An analysis of the daily rolling returns of five categories of debt funds that see high investor interest - low-duration, money-market, short-duration, corporate bond, and banking and PSU - shows that the number of instances of a debt-fund NAV dropping by 1 per cent or more in a single day has risen sharply in the last two years. It seems to have gone through the roof in 2019 and 2020 (see the chart below).
It is not just that the number of instances of massive NAV drops has risen, such falls have become much worse in the last couple of years. The graph below highlights the worst single-day returns of the worst performers across the five categories analysed.
Risk in the fixed-income space has always been dormant. Never before has the risk in the fixed-income space surfaced at this scale. Sure, there were such instances earlier also but then they were few and far between. For instance, in 2013, during taper tantrum, bond prices fell dramatically. This happened as the US Fed announced that it would taper its quantitative-easing programme (injecting money into the market by buying the Treasuries). At that time, the risk was systemic. However, over the last two to three years, it's more fund- or category-specific. In 2013, the regulator was able to control the spillover but this time the risk has surfaced quite dramatically.
The recent bad phase began when IL&FS, an infrastructure giant, defaulted on its bond payments. Soon after, debt-fund investors started witnessing frequent and massive markdowns in fund NAVs and segregations on the back of industry-wide defaults and downgrades. The winding up of six yield-oriented schemes of Franklin Templeton is the latest in this series of events.
There are many reasons for this trend. First is the tricky nature of the Indian debt markets. Unlike developed markets, the Indian debt market lacks depth. This lack of liquidity, especially for lower-rated bonds, creates a panic if a crisis is uncovered. Then comes the practices adopted by some AMCs, especially with respect to fixed maturity plans (FMPs), wherein the long-established principles of risk mitigation through diversification were grossly violated. Further, introduction of the valuation framework for sub-investment grade bonds also appears to have contributed to the volatility, though it has long-term benefits in terms of better transparency and faster realisation of the underlying credit issues.
Perhaps a bigger reason for the damage done was the lack of appreciation of risk. There was no distinction between a low-risk and a high-risk alternative. Investors looked at funds only from a return perspective. The most common interpretation was that the funds that generated high returns were better performers while those returning less were relatively poor. The risk side of the equation perhaps never got the attention it deserved. It was only when the risk manifested that everyone started acknowledging it.
What should investors do?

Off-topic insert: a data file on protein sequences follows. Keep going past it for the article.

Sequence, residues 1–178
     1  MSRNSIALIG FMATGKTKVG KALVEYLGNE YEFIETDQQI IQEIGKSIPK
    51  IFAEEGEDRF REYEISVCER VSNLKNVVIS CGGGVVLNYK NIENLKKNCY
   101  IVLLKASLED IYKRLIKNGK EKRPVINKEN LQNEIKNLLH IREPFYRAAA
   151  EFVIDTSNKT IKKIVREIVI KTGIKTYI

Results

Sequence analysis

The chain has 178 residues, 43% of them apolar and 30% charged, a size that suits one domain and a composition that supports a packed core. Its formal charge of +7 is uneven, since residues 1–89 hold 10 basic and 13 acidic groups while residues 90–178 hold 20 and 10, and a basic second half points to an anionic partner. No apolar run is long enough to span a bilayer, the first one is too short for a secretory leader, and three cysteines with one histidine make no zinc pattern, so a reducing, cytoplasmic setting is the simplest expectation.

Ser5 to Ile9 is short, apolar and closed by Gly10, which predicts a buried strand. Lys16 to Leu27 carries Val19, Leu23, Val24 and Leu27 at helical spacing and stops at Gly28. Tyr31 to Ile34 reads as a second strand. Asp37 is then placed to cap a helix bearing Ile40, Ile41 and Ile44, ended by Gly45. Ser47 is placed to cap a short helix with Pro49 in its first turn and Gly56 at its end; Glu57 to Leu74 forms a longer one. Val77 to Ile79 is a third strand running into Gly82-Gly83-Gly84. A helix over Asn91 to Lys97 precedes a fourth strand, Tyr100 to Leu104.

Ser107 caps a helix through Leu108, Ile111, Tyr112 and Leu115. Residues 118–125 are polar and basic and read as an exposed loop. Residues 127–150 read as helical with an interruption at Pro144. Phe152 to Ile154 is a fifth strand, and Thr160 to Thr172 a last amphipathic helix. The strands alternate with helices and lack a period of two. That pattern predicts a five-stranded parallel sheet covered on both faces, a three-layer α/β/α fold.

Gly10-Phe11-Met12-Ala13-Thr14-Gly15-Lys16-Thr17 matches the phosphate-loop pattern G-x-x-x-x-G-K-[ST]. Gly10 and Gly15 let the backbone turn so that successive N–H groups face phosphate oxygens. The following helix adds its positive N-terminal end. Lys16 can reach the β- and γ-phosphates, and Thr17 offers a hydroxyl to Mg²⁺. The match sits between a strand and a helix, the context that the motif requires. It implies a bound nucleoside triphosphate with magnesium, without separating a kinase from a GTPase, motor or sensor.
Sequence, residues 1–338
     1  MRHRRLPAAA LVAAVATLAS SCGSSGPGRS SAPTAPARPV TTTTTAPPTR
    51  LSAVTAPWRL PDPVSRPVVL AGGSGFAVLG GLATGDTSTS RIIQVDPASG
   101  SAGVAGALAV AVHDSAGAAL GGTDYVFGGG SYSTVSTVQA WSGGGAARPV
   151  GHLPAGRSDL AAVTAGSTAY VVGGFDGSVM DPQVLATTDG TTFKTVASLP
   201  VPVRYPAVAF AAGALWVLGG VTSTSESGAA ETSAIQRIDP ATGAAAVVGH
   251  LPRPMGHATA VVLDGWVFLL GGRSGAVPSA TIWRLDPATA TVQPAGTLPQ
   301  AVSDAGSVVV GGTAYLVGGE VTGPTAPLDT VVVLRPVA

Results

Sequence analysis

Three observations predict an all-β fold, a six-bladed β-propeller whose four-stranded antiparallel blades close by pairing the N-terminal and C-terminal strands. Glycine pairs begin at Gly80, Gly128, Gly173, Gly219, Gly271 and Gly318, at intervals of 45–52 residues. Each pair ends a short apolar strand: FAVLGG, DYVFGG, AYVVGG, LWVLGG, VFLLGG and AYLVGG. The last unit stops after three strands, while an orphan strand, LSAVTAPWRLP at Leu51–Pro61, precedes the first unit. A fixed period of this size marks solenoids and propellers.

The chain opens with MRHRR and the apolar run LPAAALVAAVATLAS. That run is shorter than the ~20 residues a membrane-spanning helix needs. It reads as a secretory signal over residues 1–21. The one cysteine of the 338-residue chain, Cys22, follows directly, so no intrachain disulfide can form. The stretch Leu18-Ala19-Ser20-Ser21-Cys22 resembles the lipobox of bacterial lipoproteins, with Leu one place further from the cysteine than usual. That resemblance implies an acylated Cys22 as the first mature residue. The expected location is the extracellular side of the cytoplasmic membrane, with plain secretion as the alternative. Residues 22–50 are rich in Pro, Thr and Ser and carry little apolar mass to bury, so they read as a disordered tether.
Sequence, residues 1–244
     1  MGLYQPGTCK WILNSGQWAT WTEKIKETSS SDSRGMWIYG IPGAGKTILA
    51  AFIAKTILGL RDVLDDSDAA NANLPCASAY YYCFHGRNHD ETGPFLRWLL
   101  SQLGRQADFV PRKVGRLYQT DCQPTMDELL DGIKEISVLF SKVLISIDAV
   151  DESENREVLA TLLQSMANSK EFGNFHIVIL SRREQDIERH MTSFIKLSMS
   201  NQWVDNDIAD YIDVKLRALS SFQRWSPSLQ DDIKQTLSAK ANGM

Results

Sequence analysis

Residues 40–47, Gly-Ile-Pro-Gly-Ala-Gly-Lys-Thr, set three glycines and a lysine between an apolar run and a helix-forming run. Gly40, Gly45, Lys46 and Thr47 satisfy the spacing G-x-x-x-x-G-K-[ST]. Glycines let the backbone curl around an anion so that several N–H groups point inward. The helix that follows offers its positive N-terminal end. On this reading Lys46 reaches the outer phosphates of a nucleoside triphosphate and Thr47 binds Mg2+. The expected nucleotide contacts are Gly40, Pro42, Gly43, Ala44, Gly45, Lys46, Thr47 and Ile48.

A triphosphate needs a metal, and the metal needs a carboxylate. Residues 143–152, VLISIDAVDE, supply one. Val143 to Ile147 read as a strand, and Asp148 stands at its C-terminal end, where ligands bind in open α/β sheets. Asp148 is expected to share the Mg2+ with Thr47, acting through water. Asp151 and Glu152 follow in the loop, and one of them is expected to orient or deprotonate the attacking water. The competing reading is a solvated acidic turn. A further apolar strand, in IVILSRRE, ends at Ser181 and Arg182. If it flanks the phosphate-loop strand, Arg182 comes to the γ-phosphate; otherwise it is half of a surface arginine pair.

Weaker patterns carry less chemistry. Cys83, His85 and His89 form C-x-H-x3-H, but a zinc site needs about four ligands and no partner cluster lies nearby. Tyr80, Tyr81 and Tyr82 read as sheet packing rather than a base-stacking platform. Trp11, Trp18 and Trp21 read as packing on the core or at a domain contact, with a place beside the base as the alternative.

Value Research has always maintained that you should not get adventurous with your debt-fund investments. With fixed income, your first priority should be the safety of capital and then returns. If you want higher returns and are willing to take risk for those, then go for equity.
In order to assess the risk that your debt fund is taking, type the fund's name in the search bar above. This will open the fund page. Scroll down and you will find the credit-rating break-up of your fund's holdings (see the screenshot). The higher the allocation to lower-rated securities, the riskier the fund.
Another useful data point available on Value Research Online is the yield to maturity (YTM). YTM gives you a rough idea of what returns the fund will generate if all its underlying bonds were held till maturity. Funds with a high YTM tend to be riskier. Therefore, if you see a relatively high YTM, delve a little more into the fund details (see the screenshot below).
For fund details, you get detailed portfolio holdings. If you see individual bonds or issuers with substantial allocations in a fund portfolio, that should be a cause for concern. See the screenshot below.
In debt funds, the worst historical returns can also be a tell-tale sign as normally debt funds are expected to deliver stable performance. You can also get this on VRO. See the screenshot below. For instance, in the case of short-duration funds, you can look at the worst returns in any one-year period. For a liquid fund, this period could be a month. A history of delivering high negative returns could be a red flag, suggesting that at some point the fund had been in trouble.
Investors need to accept that risks in debt funds are for real. Further, they should understand the variations among funds. On the one hand, we have funds which assume greater risk in pursuit of returns and on the other, there are more conservative funds which do not assume much risk and so provide slightly more moderate returns. So, do acknowledge this variation while selecting funds.